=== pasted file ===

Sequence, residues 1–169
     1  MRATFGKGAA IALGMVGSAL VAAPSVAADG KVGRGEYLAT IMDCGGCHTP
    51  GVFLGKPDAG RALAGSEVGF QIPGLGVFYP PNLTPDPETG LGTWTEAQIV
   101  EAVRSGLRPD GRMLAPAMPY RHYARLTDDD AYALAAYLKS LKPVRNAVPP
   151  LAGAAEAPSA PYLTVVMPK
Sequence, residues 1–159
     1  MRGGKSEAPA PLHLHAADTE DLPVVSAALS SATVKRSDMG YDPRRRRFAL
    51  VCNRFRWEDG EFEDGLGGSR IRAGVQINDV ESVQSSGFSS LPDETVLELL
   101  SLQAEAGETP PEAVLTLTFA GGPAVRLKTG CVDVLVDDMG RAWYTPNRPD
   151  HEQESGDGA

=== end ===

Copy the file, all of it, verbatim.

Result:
Sequence, residues 1–169
     1  MRATFGKGAA IALGMVGSAL VAAPSVAADG KVGRGEYLAT IMDCGGCHTP
    51  GVFLGKPDAG RALAGSEVGF QIPGLGVFYP PNLTPDPETG LGTWTEAQIV
   101  EAVRSGLRPD GRMLAPAMPY RHYARLTDDD AYALAAYLKS LKPVRNAVPP
   151  LAGAAEAPSA PYLTVVMPK
Sequence, residues 1–159
     1  MRGGKSEAPA PLHLHAADTE DLPVVSAALS SATVKRSDMG YDPRRRRFAL
    51  VCNRFRWEDG EFEDGLGGSR IRAGVQINDV ESVQSSGFSS LPDETVLELL
   101  SLQAEAGETP PEAVLTLTFA GGPAVRLKTG CVDVLVDDMG RAWYTPNRPD
   151  HEQESGDGA